The Military MRE That Ranks Highly

MREs are Meals, Ready to Eat. They were created by the U.S. military in 1975 and are still used to this day, per Meal Kit Supply. Canned foods and rations evolve like all military technologies from Civil War era hardtack to World War II era k-rations to MCIs (Meal, Combat, Individual), which were prominent during the Korean and Vietnam Wars (via MRE Info). MREs are just the newest iteration.

Pre-packaged, vacuum-sealed food designed to feed soldiers, MREs contain three courses (entrée, side dish, and bread/cracker) as well as drink mixes and desserts (via Meal Kit Supply). Fiercely utilitarian, each MRE shoots for roughly 1,250 calories with 51% carbs, 36% fat, and 13% protein (via MRE Info). Three MREs a day constitute a full day's sustenance for a soldier on duty. They also contain utensils, napkins, and a flameless ration heater. Conveniently, they require neither refrigeration nor cooking, making them easy to store, transport, and consume. Plus, they stay fresh for years, so they can come in handy during emergencies when food sources become unexpectedly scarce. If that sounds appetizing, don't worry; MREs may be exclusive to the military, but there are equivalents for civilians on the market. Those might be relatively flavorful, but do the military issue MREs taste any good?

The good and the bad

Not all MREs are created equal. Per MRE Info, there are 24 unique types. The entrées cycle in and out through the years, but can include jambalaya, pork chow mein, and spaghetti. Side dishes range from fruit and veggies to trail mix. Bread and crackers come with peanut butter, cheese, or jelly. Desserts could be anything from brownies, to cookies to pound cakes. Drinks can be coffee, juice, or tea. Extras like condiments and seasoning are sprinkled in as well.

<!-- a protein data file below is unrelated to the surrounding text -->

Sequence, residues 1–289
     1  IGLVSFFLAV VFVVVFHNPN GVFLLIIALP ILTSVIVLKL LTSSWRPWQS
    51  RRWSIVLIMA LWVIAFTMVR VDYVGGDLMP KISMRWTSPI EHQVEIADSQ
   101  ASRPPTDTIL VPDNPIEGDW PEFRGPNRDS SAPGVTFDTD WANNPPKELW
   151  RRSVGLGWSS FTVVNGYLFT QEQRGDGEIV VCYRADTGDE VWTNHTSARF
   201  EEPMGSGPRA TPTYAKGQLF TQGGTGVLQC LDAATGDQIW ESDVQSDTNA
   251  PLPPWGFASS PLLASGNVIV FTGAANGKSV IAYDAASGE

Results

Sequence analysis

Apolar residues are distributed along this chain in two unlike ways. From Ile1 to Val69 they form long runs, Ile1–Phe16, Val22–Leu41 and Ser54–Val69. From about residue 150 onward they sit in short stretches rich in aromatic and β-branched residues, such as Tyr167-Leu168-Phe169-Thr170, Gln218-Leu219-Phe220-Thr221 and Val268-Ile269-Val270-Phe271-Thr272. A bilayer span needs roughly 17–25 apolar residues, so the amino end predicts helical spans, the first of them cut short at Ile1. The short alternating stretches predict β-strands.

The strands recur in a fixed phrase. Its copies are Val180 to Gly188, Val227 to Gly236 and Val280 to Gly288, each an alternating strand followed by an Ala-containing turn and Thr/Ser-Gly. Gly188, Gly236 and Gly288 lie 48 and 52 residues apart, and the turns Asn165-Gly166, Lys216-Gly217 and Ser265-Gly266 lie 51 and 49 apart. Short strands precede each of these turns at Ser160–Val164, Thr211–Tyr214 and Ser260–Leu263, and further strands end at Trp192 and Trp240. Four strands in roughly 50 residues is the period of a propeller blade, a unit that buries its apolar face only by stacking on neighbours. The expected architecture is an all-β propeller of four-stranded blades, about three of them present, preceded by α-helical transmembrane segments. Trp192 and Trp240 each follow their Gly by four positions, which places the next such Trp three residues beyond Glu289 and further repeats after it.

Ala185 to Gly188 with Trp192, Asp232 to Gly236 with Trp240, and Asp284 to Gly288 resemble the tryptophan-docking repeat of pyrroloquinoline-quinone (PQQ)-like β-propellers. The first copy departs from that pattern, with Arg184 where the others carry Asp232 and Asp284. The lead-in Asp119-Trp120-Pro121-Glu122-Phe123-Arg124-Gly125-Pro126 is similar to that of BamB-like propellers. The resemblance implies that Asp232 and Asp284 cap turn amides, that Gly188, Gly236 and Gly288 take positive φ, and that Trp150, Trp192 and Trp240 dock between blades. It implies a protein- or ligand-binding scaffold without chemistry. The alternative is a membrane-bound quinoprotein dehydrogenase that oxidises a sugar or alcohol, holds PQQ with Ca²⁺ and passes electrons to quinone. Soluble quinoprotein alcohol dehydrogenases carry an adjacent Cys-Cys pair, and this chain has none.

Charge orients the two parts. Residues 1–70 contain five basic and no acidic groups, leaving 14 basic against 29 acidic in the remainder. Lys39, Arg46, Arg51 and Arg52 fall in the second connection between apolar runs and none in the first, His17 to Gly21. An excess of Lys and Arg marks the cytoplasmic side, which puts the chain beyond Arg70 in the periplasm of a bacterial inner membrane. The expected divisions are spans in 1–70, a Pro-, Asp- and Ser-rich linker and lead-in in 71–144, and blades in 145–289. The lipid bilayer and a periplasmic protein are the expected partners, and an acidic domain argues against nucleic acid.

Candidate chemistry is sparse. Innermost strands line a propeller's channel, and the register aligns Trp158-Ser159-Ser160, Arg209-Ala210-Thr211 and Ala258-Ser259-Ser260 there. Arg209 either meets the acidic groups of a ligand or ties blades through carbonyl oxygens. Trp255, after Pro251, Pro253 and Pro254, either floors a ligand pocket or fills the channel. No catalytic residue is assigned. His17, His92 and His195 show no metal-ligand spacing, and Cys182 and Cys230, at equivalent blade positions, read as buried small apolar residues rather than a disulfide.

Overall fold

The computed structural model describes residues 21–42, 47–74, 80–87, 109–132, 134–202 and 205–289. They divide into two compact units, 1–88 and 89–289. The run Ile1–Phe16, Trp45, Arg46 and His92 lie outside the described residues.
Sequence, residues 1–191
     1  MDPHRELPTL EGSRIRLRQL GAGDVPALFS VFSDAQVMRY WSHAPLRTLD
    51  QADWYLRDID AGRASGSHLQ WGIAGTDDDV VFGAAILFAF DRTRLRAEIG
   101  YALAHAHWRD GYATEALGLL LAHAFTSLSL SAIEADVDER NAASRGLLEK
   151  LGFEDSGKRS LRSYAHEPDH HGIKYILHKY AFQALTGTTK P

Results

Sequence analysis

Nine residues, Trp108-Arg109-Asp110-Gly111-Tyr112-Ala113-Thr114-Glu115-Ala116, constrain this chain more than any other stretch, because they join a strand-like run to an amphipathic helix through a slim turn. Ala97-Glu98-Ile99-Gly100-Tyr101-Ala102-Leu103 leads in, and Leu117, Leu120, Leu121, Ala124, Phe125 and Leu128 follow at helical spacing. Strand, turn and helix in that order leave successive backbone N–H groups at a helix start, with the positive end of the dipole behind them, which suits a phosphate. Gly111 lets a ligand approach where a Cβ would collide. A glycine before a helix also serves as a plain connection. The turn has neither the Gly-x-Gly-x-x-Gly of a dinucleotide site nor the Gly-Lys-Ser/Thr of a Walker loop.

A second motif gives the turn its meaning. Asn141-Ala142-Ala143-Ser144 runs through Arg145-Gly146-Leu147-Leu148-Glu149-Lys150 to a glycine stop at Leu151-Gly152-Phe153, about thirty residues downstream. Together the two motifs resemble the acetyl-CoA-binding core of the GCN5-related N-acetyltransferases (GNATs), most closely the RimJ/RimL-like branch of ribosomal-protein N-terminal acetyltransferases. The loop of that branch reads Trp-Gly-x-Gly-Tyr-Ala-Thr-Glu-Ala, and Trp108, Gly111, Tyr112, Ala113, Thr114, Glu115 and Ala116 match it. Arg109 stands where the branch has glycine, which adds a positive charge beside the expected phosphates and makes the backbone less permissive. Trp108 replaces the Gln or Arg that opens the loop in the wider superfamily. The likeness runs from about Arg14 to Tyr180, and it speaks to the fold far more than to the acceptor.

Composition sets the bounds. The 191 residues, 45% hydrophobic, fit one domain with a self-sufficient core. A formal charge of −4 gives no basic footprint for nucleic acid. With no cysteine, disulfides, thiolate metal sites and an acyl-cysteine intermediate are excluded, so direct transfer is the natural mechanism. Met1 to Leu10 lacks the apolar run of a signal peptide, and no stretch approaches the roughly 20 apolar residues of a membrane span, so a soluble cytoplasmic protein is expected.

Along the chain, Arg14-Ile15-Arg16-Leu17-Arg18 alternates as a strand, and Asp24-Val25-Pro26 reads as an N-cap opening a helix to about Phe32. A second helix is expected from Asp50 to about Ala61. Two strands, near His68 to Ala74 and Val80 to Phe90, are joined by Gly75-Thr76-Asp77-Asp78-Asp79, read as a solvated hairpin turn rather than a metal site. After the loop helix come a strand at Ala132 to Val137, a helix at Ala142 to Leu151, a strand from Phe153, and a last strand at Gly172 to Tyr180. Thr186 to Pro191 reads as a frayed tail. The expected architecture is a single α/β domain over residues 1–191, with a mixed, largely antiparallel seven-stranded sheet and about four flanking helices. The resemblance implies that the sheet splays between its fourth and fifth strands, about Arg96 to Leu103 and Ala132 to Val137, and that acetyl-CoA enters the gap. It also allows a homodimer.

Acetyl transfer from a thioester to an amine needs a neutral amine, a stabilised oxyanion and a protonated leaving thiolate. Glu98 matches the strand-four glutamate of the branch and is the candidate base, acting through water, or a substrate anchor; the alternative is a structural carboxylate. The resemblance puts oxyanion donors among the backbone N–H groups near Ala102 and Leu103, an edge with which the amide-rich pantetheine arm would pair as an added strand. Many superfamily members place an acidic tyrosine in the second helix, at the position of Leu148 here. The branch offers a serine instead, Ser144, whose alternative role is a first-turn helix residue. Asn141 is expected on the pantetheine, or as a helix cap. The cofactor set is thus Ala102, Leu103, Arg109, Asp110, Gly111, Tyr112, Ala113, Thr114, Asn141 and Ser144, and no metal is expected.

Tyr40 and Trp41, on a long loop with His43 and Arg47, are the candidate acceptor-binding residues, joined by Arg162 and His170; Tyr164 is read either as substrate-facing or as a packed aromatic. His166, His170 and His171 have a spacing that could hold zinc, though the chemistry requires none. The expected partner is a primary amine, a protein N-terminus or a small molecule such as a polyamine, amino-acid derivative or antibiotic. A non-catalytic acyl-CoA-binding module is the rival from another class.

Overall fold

Opinions regarding the taste of MREs vary, but some consensus exists. For example, Vet Friends lists beef enchilada, chicken a la king, dehydrated beef and pork patties, the veggie burger, and veggie omelet (nicknamed "vomelet") as the five worst MREs of all time. Meanwhile, the beef ravioli, beef stew, chili with beans, and shredded BBQ beef were among their top five MREs. Number one on that list? Chili mac.

Today echoes this sentiment, saying veterans and active duty military members alike enjoy chili mac MREs. Trying it out, Today writer Kait Hanson found the chili mac was accompanied by a beef stick, carrot pound cake, crackers, grape drink, jalapeno cheese, and Skittles. Using the provided plastic bag and water-activated heat source, Hanson heated up her MRE and found that it wasn't bad — definitely filling and the desserts were great. So, if you ever find yourself eating MREs, you might want to try to get your hands on the "serviceable" chili mac.